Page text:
Which of these Brooklyn Heights brownstones is not like the other? Here's a hint: It's the one with the word FAKE and a big red arrow pointed at it. Yesterday the Brooklyn Eagle ventured inside an unnamed three-story brownstone on a cobblestone block that is not a single-family townhouse, but rather a secret subway exit:
Located in the tunnel just east of the river, the exit disguised as a brownstone leads to a grimy-lit set of metal stairs that ascend past utility boxes and ventilation shafts into a windowless room with a door. If you opened the door, you would find yourself on a stoop, which is just part of the façade. This proved to be way too enticing for one Curbed tipster, who began to investigate.
It could only be on three streets. I nailed it halfway up the first one I checked. Red house, black windows, looks like no one at all lives there. It reminds me of the automated parking garage in Hoboken that is supposed to blend into the neighborhood look/feel but doesn't quite cross the Uncanny Valley.The suspect is 58 Joralemon Street, and our tipster is right. Though the Eagle cited security concerns as a reason for all the secrecy, the location of the emergency stairway (one of several in the neighborhood) is more of an open secret. PropertyShark records list the MTA in the ownership records for 58 Joralemon, and one website calls it "the world's only Greek Revival subway ventilator." One Joralemon Street resident, who was aware of the faux-townhouse, tells us, "I don't think it's a commonly known thing. Just a weird Brooklyn Heights story." So why can't the Second Avenue Subway ventilators blend in just as well? Here's PropShark's file photo of the townhouse that isn't:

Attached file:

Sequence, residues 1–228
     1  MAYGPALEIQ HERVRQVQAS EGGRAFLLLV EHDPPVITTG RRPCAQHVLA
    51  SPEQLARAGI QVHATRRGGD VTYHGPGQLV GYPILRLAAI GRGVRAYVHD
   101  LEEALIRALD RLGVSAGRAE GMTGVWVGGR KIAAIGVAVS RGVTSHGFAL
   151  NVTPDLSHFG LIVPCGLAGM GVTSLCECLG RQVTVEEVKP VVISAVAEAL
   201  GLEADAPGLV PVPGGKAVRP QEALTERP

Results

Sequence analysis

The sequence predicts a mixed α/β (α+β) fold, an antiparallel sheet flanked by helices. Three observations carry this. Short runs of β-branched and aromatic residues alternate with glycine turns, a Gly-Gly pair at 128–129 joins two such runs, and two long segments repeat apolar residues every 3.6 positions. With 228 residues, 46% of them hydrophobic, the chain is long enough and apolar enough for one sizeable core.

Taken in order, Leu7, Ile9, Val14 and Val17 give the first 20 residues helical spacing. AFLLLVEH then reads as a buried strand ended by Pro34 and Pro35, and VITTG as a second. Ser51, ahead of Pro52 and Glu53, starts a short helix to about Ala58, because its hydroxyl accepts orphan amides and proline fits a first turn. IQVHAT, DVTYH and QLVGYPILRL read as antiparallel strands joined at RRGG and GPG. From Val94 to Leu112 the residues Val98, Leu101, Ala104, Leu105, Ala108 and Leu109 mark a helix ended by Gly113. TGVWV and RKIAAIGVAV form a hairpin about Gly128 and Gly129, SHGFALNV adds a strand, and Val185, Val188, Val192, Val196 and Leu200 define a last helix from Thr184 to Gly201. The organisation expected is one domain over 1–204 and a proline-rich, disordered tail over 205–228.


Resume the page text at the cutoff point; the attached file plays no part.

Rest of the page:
UPDATE: Here are some photos that don't leave much to the imagination.